Good news & Bad News with Adobe Flash Player 11

Update #2: We have just pushed the fix for this issue. Please let us know in our forums if there are any problems with hardware acquisition for end users on Flash Player 11

Update #1: Google Chrome has updated their built-in version of Adobe Flash to Flash Player 11. We have not yet released our fix for this issue, but we are hard at work to make it happen.

Let’s play the good news/bad news game.

The good news is that Adobe’s Flash Player 11 brings with it a lot of new goodies including support for the H.264 video codec. More on how that will improve video quality in the OpenTok API in another blog post.

The bad news is there is a very old bug in Adobe’s hardware acquisition flow which Flash Player 11 has resurfaced.  Specifically, the release of the Flash Player 11 plugin has broken the work-around that we have had in place since the release of OpenTok.

What does that mean for you, the developer?

If your end-users upgrade to Flash Player 11 and they have not previously “remembered” their allow dialog setting on your website or any other OpenTok-enabled website, then the OpenTok API won’t be able to publish their video stream.  In some circumstances, users may not be able to complete filling out Adobe’s Allow/Deny dialog box.  Not the most ideal situation for a live video API.

Note that if your end users have previously allow-remembered their camera on your website or any other OpenTok-enabled website, this bug will not impact them.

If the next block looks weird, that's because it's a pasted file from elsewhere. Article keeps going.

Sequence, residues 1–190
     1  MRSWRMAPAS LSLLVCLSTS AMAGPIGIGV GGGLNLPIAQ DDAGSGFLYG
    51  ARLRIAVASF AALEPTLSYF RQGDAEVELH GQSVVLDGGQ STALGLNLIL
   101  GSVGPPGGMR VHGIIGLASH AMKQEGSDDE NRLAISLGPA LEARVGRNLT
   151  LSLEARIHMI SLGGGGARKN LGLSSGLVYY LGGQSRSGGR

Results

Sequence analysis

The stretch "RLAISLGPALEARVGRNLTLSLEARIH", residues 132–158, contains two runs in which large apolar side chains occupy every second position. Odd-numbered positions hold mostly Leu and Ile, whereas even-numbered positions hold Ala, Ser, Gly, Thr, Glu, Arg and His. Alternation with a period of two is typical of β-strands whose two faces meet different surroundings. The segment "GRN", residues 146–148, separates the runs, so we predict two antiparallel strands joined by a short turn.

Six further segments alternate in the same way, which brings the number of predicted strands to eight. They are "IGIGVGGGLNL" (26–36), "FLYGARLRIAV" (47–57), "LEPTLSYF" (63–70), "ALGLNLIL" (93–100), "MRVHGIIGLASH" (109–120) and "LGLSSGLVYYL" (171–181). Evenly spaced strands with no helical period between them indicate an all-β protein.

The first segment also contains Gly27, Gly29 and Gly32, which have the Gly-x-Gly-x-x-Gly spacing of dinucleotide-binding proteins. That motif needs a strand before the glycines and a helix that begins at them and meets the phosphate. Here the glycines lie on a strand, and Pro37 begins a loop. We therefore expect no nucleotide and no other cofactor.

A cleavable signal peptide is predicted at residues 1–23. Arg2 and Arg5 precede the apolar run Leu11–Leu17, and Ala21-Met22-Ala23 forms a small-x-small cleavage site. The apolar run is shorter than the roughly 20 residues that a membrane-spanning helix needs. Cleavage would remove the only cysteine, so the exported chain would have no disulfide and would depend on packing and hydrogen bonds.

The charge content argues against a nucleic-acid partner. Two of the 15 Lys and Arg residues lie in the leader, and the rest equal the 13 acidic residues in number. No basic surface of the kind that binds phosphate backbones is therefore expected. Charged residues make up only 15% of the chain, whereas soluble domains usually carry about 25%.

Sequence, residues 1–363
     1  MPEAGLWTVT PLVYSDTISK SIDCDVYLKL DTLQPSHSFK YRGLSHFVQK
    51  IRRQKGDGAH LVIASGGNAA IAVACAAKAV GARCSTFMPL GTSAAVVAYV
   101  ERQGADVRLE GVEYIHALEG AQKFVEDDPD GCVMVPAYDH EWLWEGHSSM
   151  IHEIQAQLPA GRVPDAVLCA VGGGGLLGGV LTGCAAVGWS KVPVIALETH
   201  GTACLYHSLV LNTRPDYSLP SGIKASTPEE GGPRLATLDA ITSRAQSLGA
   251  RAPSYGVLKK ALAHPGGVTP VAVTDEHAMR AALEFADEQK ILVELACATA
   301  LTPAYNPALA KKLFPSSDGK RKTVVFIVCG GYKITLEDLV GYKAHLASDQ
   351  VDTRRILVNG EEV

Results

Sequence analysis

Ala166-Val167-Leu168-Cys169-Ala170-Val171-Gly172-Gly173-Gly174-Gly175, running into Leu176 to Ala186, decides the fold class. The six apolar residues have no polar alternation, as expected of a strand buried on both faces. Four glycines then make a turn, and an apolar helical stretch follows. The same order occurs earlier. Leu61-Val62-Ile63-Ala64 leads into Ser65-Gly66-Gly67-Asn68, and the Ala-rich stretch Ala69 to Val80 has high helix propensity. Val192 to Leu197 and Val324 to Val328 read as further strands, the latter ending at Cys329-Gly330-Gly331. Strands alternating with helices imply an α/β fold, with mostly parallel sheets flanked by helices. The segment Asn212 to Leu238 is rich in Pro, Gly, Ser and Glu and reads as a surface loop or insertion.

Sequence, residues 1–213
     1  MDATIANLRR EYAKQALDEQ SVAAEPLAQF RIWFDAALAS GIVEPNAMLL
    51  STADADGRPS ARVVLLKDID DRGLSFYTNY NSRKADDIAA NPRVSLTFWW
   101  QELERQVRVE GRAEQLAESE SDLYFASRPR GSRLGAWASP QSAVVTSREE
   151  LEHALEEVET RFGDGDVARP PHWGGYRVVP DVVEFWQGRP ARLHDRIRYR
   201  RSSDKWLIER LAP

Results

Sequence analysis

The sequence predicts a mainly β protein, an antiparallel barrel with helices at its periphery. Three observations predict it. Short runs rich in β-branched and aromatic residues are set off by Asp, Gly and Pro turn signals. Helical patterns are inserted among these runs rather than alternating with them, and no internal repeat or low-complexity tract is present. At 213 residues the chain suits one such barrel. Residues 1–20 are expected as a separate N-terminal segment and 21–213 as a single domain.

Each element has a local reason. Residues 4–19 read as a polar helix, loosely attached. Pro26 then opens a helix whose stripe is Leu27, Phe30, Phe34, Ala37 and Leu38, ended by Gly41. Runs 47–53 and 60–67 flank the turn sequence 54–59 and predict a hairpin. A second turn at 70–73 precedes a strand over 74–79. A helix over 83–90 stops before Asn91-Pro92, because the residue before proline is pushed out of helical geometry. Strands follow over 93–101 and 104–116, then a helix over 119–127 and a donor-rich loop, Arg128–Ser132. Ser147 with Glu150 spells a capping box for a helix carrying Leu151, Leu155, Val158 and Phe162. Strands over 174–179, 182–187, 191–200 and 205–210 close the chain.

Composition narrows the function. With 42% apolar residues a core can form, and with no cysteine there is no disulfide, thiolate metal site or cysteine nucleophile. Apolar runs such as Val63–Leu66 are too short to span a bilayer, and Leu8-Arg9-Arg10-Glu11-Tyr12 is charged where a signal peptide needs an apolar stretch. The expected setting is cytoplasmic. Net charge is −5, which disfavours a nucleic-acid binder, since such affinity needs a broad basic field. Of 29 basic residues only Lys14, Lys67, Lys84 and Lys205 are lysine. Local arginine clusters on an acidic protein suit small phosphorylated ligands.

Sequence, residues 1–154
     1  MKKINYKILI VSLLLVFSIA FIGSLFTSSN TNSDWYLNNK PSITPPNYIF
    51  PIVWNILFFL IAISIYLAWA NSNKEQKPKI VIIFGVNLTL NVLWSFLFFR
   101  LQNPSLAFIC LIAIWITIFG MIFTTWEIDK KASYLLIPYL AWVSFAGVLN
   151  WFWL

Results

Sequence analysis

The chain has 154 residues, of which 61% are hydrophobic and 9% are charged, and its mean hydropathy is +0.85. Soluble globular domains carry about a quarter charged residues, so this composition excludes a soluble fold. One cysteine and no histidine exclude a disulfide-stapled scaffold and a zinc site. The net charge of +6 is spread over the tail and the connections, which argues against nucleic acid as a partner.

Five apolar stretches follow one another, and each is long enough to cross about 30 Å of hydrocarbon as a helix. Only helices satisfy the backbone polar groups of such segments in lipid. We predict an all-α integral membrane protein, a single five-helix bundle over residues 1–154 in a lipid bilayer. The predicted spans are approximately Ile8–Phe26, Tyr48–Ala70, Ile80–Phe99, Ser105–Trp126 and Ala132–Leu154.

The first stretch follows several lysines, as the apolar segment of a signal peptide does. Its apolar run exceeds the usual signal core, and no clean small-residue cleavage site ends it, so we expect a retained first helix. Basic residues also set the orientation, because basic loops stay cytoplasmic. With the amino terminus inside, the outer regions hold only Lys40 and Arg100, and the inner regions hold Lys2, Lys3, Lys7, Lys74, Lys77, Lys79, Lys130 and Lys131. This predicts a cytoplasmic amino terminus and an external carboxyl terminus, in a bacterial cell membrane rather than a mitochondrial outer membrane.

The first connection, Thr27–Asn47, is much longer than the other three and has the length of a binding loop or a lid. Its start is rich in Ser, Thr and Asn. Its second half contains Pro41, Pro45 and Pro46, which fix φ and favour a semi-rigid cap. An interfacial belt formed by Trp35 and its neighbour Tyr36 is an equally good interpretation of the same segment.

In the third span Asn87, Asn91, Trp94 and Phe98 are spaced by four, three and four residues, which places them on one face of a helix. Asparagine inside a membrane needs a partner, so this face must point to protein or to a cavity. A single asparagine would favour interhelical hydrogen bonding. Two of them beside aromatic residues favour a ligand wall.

If an end user attempts to allow-remember their camera for the first time using Flash Player 11, their camera will not be correctly acquired in that publisher instance.  But subsequent publishers will correctly acquire the camera.

What are your options?

Unfortunately, this one’s on us to fix for you.  And we’re hard at work fixing the issue as we speak.

We’re expecting to push a release that will fix this bug on Tuesday October 4, hoping to have this fix out before the vast majority of end-users upgrade – and hopefully before Google Chrome auto upgrades its built-in version of Flash Player. In the meantime, we’re asking you to sit tight, know that we are aware of the problem, and understand that we are sprinting towards a solution for you.

One important thing to note:  all developers should make sure that their applications are set up to use the latest version of the OpenTok JS client library. This is the standard best practice we recommend, so most of you will already be doing this. However, if you have pointed your application at a specific older version of the OpenTok API, your application will not pick up the fix for this problem, and we will not be able to back port this fix to previous versions of the OpenTok JS client library.

If you have any questions or concerns, then please contact us in our forums or in our #opentok IRC channel.